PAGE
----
June 22, 2014 – Solemnity of the Most Holy Body and Blood of Christ (Corpus Christi)
Dt 8: 2-3, 14B-16A; Ps 147: 12-15, 19-20; 1 Cor 10: 16-17; Jn 6: 51-58
Today’s Solemnity of the Most Holy Body and Blood of Christ, more commonly known perhaps as Corpus Christi, has been celebrated by the Catholic Church for almost 1,000 years. Although it is a Holy Day of Obligation, and traditionally occurred on the Thursday after Holy Trinity Sunday, in the United States it has been transferred to the next Sunday after Holy Trinity Sunday which we celebrated last week.
On Holy Thursday we commemorate the First Holy Communion, and on this day we remember the institution of the Holy Eucharist. It was felt that Holy Thursday, on the eve of the Crucifixion, was a more sorrowful and penitent event. Therefore, Corpus Christi was instituted so we could celebrate with joy and thanksgiving. We as Catholics embrace, believe, and understand that Christ comes to us in reality; through the Holy Eucharist the priest with the power of the Holy Spirit transubstantiates the bread and wine into the real Body and Blood of Christ.
Our readings for this special Sunday reflect that belief and that institution. The first reading from the Book of Deuteronomy recalls the time of the Israelites in the desert. There is a foreshadowing of the Eucharist in that God provides for His people by feeding them and quenching their thirst. However, there is a caution to them not to be overcome with pride and the feeling that they have survived and thrived because of their own efforts. It is God who provides and God who has provided. The message to us is the same — that we need to understand and recognize that we are held up by God and we are spiritually filled by the Lord, especially through the Eucharist.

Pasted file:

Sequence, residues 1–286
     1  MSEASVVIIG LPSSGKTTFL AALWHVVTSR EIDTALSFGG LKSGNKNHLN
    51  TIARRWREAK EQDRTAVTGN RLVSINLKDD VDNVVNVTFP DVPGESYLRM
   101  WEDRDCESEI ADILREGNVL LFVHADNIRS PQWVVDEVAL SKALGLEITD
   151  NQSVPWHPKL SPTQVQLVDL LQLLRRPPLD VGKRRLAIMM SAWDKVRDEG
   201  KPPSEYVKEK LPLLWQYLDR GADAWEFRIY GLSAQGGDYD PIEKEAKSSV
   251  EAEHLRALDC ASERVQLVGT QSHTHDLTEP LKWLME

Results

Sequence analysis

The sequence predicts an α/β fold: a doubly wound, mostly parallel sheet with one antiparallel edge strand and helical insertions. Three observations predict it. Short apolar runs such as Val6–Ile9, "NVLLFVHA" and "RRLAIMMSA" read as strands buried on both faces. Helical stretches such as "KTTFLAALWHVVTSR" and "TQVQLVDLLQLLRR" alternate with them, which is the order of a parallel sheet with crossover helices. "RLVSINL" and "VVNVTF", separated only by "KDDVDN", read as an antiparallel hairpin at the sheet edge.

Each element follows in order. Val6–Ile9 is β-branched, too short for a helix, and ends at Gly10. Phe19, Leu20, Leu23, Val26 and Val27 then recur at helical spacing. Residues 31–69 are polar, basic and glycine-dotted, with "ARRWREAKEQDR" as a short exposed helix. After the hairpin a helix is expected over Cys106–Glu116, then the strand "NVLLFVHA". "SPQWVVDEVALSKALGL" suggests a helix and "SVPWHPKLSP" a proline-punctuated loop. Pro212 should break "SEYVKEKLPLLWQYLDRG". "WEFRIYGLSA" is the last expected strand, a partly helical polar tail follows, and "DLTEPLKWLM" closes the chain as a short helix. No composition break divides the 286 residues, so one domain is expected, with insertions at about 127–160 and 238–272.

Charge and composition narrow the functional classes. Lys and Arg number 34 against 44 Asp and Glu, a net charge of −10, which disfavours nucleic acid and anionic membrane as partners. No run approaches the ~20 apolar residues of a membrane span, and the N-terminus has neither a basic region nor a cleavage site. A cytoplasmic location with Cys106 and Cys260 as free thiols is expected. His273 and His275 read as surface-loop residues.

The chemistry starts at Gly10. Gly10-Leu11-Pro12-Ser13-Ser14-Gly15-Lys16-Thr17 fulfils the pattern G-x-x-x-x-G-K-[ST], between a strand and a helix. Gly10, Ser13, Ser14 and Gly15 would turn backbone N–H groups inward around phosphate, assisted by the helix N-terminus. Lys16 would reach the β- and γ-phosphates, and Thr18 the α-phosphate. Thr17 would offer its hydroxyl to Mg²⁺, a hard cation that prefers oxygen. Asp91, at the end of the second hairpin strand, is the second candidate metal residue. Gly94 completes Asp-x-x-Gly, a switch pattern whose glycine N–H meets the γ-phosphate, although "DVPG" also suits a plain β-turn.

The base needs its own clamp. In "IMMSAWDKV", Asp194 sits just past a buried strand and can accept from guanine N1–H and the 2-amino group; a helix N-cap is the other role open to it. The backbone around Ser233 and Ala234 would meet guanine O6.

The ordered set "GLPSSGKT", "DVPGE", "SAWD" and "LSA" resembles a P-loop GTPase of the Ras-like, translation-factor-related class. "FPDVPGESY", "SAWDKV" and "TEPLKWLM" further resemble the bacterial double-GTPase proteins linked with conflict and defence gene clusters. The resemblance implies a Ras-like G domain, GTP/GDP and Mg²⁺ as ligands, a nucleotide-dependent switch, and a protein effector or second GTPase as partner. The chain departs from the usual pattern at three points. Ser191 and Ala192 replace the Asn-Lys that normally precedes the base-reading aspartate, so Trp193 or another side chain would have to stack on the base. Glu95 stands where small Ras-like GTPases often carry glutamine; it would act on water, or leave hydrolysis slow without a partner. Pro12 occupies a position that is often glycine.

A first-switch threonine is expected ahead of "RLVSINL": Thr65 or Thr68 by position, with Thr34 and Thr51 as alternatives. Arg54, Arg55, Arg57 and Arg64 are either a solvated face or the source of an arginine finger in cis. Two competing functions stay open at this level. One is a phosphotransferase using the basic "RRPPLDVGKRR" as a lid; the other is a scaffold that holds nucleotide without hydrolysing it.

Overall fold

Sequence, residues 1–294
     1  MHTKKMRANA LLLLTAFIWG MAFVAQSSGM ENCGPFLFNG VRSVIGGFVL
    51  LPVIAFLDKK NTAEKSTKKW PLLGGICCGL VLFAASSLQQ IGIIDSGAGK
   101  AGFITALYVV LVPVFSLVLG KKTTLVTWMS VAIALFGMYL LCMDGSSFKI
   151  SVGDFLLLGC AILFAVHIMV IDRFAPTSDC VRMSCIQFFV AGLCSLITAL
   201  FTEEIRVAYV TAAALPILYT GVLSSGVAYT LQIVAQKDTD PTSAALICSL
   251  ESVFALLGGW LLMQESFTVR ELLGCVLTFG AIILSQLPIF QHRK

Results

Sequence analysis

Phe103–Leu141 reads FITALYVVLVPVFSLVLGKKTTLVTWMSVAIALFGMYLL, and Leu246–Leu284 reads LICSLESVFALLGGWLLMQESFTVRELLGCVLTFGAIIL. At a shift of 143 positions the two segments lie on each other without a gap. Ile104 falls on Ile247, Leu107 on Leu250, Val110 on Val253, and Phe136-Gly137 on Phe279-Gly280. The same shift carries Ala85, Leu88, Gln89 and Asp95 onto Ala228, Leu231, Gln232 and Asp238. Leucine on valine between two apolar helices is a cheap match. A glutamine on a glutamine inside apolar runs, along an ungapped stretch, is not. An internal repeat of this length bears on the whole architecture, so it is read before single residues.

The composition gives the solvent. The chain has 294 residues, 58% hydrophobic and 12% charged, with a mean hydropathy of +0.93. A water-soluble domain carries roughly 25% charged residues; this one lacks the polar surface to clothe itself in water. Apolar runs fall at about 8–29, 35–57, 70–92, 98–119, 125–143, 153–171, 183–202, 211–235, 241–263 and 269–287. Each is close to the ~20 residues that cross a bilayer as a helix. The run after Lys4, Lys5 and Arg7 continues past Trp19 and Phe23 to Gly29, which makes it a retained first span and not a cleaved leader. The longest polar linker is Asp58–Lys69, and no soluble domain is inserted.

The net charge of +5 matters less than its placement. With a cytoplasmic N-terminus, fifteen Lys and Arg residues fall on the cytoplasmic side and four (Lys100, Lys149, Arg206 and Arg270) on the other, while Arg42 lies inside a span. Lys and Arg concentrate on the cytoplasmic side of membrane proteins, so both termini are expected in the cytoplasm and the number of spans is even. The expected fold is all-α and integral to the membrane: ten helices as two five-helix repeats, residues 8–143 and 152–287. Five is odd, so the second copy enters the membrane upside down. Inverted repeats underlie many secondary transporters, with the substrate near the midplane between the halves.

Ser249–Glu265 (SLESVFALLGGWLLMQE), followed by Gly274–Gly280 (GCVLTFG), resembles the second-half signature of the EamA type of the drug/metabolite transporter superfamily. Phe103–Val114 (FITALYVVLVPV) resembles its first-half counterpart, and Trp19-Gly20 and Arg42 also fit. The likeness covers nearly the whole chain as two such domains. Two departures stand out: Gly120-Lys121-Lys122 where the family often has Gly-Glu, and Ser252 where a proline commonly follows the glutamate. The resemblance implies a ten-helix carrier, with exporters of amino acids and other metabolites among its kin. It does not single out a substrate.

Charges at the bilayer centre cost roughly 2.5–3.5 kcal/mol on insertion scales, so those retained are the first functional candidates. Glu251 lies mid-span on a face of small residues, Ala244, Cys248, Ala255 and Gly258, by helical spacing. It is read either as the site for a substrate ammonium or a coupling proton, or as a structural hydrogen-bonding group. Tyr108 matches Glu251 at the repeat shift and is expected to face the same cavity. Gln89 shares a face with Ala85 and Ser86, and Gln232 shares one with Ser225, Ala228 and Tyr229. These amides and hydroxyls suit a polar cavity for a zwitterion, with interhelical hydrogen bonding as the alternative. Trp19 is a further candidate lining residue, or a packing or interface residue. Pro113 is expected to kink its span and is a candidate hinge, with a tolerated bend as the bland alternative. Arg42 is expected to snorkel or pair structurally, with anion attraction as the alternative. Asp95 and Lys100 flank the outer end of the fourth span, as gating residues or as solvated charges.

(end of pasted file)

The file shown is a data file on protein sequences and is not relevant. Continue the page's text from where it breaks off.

In the letter of St. Paul to the Corinthians, Paul is addressing a problem which existed in Corinthian society. Side by side with their Christian celebrations, with their communion within the Christian community, some of them continued to follow various pagan practices and beliefs, including both worshipping and participating in pagan meals and rituals. The point Paul is making is that they cannot have it both ways. As holy as the Eucharist should be and was to them, the benefits of that may be neutralized and cancelled by pagan practices. We face similar pressures and contradictions in our lives today. Attending Mass and participating in the Eucharist are necessary for us to fulfill our faith and our beliefs; yet we live in a society which tempts us and challenges us with practices which are not acceptable. We must constantly be wary of this; living lives of stewardship and following through with our Baptismal call and promise help us to overcome the temptations which may be all around us.
Jesus is careful to indicate in the Gospel reading from John the difference between the “living bread” of the Eucharist and normal bread. He contrasts the spiritual bread He offers to the manna the Israelites received in the desert, for example. It is as if there is sustenance and there is eternal life. We are offered eternal life, but there is a proviso attached. Jesus is not asking us to just admire Him and He is not satisfied with us just tasting. We must become one with Him, one body in Christ; we must remain in Him and Him in us. “This is the bread that came down from heaven… whoever eats this bread will live forever.” Participation in the Eucharist must be more than going through the motions; St. John Paul II put it this way in a sermon he gave on Corpus Christi: “In order to live we need food and drink. In order to gain eternal life we need the Eucharist. This is the food and drink that transforms our lives and opens before us the way to eternal life. By consuming the Body and Blood of Christ, we bear within ourselves already on this earth, the seed of eternal life, for the Eucharist is the sacrament of life in God.”